In Living 3D Colour: A Look Back at the Life of the 3DS
Originally published in 2017, for The Australia Times Games Magazine
On March 31st 2011, Australia bore witness to the first ever glasses-free handheld videogame console. The successor to the phenomenal DS, the Nintendo 3DS was a worthy device, featuring a huge array of amazing games and features that have now become the norm. On the eve of the release of the the next-gen Nintendo Switch, join me, as I look back at the last five years of of the little stereoscopic wonder.
For Nintendo’s faithful, E3 2010 was an unforgettable experience.
Whilst exciting Wii and DS titles were shown off for the first time, like The Legend of Zelda: Skyward Sword, Donkey Kong Country Returns and Dragon Quest IX, it was the previously-announced 3DS that truly stole the show. Opening with an incredible revival of the long-dormant Kid Icarus franchise, the audience (and viewers worldwide) were stunned by the visual onslaught of Wii-aping graphics, and games ranging from Mario Kart, Paper Mario and Star Fox 3D, to Metal Gear Solid 3, Super Street Fighter IV and Resident Evil Revelations.
Of course, the other big talking point was the 3D feature, which wowed expo attendees, and stole the thunder of the glasses-based offerings of Nintendo’s rivals.
Nearly a year later, and the console was finally released.
The response was… somewhat muted.
Yes, in a strange twist of fate, Nintendo did not have any of its big hitters ready for launch, preferring instead to leave third parties to take the responsibility of shifting the initial batch of units. Titles like Rayman 3D and Splinter Cell: Chaos Theory were underwhelming, whilst Super Street Fighter IV – whilst a stellar port – was still just that; a port. On top of that, the eShop wasn’t ready to be accessed, and it came at a later date.
The expensive $350 price didn’t exactly help matters; and although this was actually $50 cheaper than the launch of the PSP, it still nevertheless became the first ever console that netted Nintendo a loss for each one sold.
It wasn’t all doom and gloom, though. Buyers who decided to dip in were delighted at the built-in software that really highlighted the strengths of the 3DS. Using the system’s cameras and cards that came packaged, we were sampled with a fantastic Augmented Reality program, which let us play minigames which superimposed themselves on the real world, as well as allowing us to take hilarious pictures of Nintendo characters that sprang from the slips of cardboard like cheery phantoms.
Similarly, Face Raiders was a brilliant demo of the camera’s facial recognition system, by creating flying foes with the horrifying visages of your friends, family and pets, and requiring you to actually spin on the spot in order to fend off the relentless waves (thanks to the built-in gyroscopes).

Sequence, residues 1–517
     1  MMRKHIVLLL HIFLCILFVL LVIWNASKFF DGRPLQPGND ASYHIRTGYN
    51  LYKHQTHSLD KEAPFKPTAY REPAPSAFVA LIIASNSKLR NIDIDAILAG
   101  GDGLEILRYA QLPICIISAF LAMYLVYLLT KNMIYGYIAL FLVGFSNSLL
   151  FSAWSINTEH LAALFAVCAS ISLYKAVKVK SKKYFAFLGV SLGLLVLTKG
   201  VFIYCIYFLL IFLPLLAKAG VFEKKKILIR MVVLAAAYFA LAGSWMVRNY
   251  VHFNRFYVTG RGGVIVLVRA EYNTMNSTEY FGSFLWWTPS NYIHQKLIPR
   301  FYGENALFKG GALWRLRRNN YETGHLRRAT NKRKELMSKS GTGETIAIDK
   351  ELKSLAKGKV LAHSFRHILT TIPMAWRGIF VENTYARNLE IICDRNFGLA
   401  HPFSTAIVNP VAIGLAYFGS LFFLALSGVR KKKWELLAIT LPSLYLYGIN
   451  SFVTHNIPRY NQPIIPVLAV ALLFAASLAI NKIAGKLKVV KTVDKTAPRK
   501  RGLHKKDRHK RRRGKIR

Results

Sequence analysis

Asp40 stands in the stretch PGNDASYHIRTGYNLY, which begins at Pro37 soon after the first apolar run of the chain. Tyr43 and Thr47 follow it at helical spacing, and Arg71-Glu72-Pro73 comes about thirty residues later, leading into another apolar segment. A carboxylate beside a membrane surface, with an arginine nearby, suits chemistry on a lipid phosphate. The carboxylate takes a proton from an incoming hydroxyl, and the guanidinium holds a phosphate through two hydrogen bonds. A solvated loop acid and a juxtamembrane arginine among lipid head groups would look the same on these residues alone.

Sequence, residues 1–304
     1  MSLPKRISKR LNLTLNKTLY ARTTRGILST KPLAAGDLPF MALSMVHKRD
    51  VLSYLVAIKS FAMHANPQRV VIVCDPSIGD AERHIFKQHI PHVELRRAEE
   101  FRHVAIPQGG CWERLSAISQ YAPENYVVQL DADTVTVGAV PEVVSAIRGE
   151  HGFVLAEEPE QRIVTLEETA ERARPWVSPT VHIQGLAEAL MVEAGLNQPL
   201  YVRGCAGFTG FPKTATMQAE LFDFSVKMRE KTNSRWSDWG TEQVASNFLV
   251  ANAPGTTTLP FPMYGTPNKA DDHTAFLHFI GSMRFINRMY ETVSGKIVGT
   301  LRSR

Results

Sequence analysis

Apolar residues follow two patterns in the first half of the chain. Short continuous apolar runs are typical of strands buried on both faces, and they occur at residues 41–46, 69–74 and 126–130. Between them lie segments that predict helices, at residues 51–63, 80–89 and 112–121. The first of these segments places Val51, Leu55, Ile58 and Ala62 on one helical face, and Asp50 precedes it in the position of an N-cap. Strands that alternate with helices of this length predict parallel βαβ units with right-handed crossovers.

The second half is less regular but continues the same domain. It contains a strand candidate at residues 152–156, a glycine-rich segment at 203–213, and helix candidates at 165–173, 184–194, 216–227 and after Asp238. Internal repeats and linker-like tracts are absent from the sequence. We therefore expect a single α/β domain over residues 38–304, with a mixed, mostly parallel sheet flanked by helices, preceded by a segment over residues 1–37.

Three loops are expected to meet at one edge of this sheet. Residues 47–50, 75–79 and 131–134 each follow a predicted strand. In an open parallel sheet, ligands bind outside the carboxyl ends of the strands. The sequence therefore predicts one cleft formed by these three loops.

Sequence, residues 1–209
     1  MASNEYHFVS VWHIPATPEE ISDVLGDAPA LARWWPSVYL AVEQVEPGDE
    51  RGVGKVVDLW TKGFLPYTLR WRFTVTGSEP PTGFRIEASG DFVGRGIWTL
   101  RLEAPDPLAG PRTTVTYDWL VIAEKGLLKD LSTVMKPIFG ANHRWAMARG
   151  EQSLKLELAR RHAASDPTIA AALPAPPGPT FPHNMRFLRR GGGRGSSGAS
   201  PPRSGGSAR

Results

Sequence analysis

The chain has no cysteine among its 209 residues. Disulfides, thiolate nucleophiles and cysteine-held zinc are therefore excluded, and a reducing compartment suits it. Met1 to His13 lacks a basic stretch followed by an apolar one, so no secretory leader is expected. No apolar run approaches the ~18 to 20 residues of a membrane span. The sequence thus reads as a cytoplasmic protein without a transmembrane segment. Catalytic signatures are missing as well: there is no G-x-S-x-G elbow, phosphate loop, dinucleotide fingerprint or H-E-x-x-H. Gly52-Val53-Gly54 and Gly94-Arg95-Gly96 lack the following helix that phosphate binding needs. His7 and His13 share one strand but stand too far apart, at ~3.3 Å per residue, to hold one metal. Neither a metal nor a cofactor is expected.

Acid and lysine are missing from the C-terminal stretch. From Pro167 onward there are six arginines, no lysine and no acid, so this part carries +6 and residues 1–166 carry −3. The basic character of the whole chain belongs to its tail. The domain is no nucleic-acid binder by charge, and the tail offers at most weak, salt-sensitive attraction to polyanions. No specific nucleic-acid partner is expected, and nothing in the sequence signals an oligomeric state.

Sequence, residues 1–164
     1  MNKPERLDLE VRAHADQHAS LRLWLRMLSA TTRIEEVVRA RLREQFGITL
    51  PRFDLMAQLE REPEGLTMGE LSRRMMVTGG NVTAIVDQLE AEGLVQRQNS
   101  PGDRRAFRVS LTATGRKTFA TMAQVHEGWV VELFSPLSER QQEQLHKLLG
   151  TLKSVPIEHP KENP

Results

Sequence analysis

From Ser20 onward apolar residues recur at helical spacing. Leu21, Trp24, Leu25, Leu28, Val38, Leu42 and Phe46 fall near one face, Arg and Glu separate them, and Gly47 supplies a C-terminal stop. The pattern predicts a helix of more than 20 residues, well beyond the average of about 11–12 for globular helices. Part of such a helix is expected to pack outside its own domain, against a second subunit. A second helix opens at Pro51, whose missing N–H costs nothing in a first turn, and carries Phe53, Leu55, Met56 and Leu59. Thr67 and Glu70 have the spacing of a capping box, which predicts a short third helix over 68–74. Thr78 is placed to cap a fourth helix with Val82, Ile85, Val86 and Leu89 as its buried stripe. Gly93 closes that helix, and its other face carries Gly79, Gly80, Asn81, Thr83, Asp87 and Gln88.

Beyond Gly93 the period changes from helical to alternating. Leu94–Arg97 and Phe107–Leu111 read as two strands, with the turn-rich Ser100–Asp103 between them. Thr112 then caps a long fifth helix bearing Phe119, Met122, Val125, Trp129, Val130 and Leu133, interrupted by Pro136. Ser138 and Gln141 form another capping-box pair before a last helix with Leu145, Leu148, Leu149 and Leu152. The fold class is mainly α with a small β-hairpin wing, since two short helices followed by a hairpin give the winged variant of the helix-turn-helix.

The 3DS also took inspiration from Wii and DS, by implementing Miis from the former, and a passive communication system for the latter. These were called StreetPass and SpotPass, which let you send and receive data whilst your machine was asleep, via wi-fi, and by passing other 3DS users in public. This was an ingenious move which remained integral to its future games, by encouraging socialisation. Also neat were Play Coins, which could be amassed by using the 3DS’ pedometer, and used to purchase in-game content.
These social features tied-in with another thing that made the machine an eventual must-have; StreetPass Games. This was another free app within the console, and initially only consisted of StreetPass Quest and Puzzle Swap. These were addictive games that could only be completed by passing other 3DS users for help, or by using Play Coins to buy your way to victory. Cheekily, you couldn’t farm coins to cheese your way to victory, as only 10 could be obtained each day.
Along with other programs like the Activity Log, 3DS Sound and Internet Browser, it was obvious that the device had a tremendous amount of potential. It was a toy that was positively brimming with clever ideas, not the least of all its actual 3D capabilities.
Initially, major questions were raised about the viability of the effect. Would everyone see it properly? What about those with glasses? Would screen protectors screw it up? Was it safe for kids?
Fortunately, those fears were allayed once people got their hands on the thing, and despite some scaremongering by news outlets, it didn’t make your eyes fall out. The ability to take 3D pictures and videos was truly unique, despite the low quality of the cameras, but was nevertheless welcome.
However, things continued to be rocky for Nintendo. Potential can only get you so far, and sales lagged badly as result. For whatever reason, the company has trouble releasing games in a timely manner, with a slow trickle of offerings providing some respite, like the average Pilot Wings Resort and Steel Diver, and though Ocarina of Time 3D was brilliant… it was still a game from 1998. Thankfully though, it was fully backwards compatible with DS, which was somewhat of a silver lining.
With steady updates, things slowly got better. The fledgling eShop finally arrived with digital content, but it still wasn’t enough to prevent Nintendo’s first fiscal loss in 30 years.
It was this moment that, in my opinion, things truly changed.
First, then-Nintendo president Satoru Iwata made a move that truly cemented his position as one of the all-time greats. In an act that was made to alleviate Nintendo’s money mishap, he personally took a 50% pay-cut, before slashing Shigeru Miyamoto’s salary by 40%,, and other high-rankers by 30%.
That wasn’t all. He then cut the price of the 3DS, and apologised to early adopters by knighting them as ‘3DS Ambassadors’, before giving them 20 free downloadable games (10 NES and 10 GBA).
This was an amazingly unselfish move, and proved to be the kick-start the beleaguered handheld sorely needed.
Slowly but surely, things finally started to improve, with constant software updates, and great games that really highlighted what the 3DS could really do.